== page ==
BABY LAME: The East London drag sensation talks genre-bending, gender-bending and their new Drag Race podcast with Scarlett Moffatt

Baby Lame

Punk-horror-drag superstar and QX Cabaret Awards nominee Baby Lame is one of the most idiosyncratic and exciting cabaret characters to hit the London scene in the last few years. A towering, slightly terrifying but acutely endearing cabaret clown who goes where few others would dare.

This week, the person behind the Baby, Chris Weller, chats to Jason Reid about Baby’s birth, shock value, their night at The Glory – Shit Show – and crossing over into the mainstream…

When I first saw Baby Lame I thought they were like nothing I’d ever seen in my two decades of working on the London cabaret circuit. Where did the idea originate from? 

I take that as a huge compliment. Baby was birthed on Halloween via an incredibly bad Whatever Happened to Baby Jane costume. I was always obsessed with Dawn French spoofing Baby Jane on French and Saunders, and when I finally got to see the film years later, I found an instant connection with Bette Davis as Baby Jane – on the outside she’s viewed as this completely bonkers monster, but at the core is just an honest soul trying to navigate her way through life. I think that’s always been at the heart of Baby Lame’s character. That was the starting point; the rest of the character was originally built around tragic reality stars like the Honey Boo Boo child and Anna Nicole Smith. I wanted Baby to be a reflection on what was messed up about pop culture. But since then there have been a lot more personal layers that have built into what Miss Lame is today.

What was the reaction from audiences and bookers when you started out with the character?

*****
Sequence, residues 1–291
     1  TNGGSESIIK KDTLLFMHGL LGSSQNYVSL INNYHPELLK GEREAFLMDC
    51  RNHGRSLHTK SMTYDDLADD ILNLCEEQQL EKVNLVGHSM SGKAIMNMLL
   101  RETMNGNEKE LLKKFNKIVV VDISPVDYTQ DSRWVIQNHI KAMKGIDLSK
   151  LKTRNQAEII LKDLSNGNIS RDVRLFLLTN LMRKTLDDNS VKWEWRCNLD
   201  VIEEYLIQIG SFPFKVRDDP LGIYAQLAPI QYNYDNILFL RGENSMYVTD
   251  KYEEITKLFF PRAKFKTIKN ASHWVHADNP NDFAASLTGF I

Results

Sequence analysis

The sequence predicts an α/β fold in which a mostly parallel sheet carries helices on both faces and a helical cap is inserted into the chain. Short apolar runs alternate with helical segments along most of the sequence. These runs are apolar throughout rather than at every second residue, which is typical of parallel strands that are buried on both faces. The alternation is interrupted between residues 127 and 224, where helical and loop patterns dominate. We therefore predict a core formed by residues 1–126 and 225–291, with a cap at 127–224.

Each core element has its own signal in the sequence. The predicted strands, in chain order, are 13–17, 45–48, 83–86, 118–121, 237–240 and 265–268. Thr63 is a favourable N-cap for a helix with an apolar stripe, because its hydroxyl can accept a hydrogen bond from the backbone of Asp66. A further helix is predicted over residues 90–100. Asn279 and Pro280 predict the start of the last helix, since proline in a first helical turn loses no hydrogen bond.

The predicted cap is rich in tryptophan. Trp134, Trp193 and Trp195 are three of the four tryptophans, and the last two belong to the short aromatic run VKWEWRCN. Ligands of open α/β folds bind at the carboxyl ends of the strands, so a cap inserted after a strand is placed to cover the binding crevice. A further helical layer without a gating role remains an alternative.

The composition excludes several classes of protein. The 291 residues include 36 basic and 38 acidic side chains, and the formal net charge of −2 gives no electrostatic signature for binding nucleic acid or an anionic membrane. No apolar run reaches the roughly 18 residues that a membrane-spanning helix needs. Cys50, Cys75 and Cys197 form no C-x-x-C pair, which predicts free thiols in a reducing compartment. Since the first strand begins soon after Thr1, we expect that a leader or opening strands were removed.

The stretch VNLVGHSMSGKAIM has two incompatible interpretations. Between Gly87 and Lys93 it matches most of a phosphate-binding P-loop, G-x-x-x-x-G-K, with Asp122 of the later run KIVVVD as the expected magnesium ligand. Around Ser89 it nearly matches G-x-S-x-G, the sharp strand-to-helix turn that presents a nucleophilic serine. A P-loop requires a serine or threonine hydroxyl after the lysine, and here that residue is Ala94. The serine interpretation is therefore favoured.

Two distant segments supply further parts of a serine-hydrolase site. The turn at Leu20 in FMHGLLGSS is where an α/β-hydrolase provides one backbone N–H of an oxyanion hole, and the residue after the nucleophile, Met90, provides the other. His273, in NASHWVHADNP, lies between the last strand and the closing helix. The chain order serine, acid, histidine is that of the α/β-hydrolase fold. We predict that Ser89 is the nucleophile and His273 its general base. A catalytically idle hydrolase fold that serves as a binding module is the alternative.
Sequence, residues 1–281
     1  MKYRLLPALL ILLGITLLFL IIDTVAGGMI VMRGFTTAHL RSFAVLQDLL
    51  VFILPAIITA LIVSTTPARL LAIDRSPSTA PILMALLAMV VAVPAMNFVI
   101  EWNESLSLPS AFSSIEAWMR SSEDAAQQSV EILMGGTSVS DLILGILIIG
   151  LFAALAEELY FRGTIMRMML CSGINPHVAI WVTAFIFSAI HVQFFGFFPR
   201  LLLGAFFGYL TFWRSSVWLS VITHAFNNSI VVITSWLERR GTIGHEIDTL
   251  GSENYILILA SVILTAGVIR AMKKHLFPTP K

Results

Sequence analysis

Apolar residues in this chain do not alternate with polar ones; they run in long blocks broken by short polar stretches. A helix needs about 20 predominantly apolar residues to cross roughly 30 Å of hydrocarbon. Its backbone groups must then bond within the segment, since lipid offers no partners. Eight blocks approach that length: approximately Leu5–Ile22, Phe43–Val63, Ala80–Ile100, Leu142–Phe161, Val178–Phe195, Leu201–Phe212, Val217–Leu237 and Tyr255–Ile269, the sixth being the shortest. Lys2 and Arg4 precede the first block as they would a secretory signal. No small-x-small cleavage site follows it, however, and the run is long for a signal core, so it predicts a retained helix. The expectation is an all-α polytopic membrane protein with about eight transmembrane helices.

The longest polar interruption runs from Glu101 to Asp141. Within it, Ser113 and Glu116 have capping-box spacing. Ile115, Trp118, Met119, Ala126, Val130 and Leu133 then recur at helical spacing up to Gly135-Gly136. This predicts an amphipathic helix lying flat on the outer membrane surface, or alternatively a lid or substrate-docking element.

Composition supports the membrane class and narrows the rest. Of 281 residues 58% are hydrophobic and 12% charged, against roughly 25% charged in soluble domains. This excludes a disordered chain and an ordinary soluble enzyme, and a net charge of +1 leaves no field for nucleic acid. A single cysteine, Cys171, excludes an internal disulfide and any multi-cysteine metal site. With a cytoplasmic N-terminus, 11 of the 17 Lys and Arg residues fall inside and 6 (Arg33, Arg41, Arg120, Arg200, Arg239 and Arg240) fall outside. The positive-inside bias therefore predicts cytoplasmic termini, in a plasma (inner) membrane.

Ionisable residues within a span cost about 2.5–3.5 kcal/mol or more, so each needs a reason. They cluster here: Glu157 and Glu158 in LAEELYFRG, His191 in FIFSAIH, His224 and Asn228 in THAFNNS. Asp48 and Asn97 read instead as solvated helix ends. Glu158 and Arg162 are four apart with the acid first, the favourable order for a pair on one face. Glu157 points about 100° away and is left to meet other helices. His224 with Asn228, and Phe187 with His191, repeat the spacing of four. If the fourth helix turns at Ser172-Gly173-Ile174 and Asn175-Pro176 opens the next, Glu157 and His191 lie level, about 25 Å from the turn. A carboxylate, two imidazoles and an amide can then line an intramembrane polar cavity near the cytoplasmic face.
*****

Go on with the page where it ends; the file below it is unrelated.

Nobody wanted to book me, so I literally had to beg for free spots. I was in a weird position because as a performer I had zero connections in the cabaret world, but as an audience member I’d watched a lot of cabaret shows and had a massive knowledge of the scene. I knew there was a place for someone like me on the circuit, I just had to make other people believe it.

How did you navigate that? 

It was a tricky path to manage – starting out I don’t think many audiences or bookers trusted me. Baby’s performances were very punk, very aggressive and very feral. I hadn’t really harnessed the character and like many new performers made a lot of mess. If I’m completely honest I didn’t have much respect for the audience – which is probably the biggest mistake a performer can make. Like with everything, performing requires development, and the only way you can truly do that is by getting on a stage and learning from your mistakes. 

Do you like to shock? 

I LOVE to shock! Although I often find it ridiculous to think that people find me shocking. Why is talking about shit such a taboo subject? We all shit. Why is smearing Nutella on your bottom to mimic the act of shitting yourself, shocking? People get shocked about the way I look in drag – a hairy man with a beard, in a dress and clown makeup. There are a lot of VERY basic, VERY vanilla, VERY complacent people, cruising on by with their lives that need to wake up. Just look around at what’s happening in our world: truly shocking political events, trans people getting murdered, the fucking environment – yet people are still shocked by a poo joke? WAKE UP! Like most new performers starting out it was easy to go for the ‘shock for shock’s sake’ approach, but audiences can see through that. There has to be a reason for it. As an audience member I like to experience a whole spectrum of emotions. I want to actively participate, rather than just sit there. I’m not saying I have the skills to achieve all of those things with my performances, but it’s definitely something I consider when creating new work. 

Baby Lame

You cite John Waters as a main influence in Baby’s creation. Who or what else do you draw inspiration from?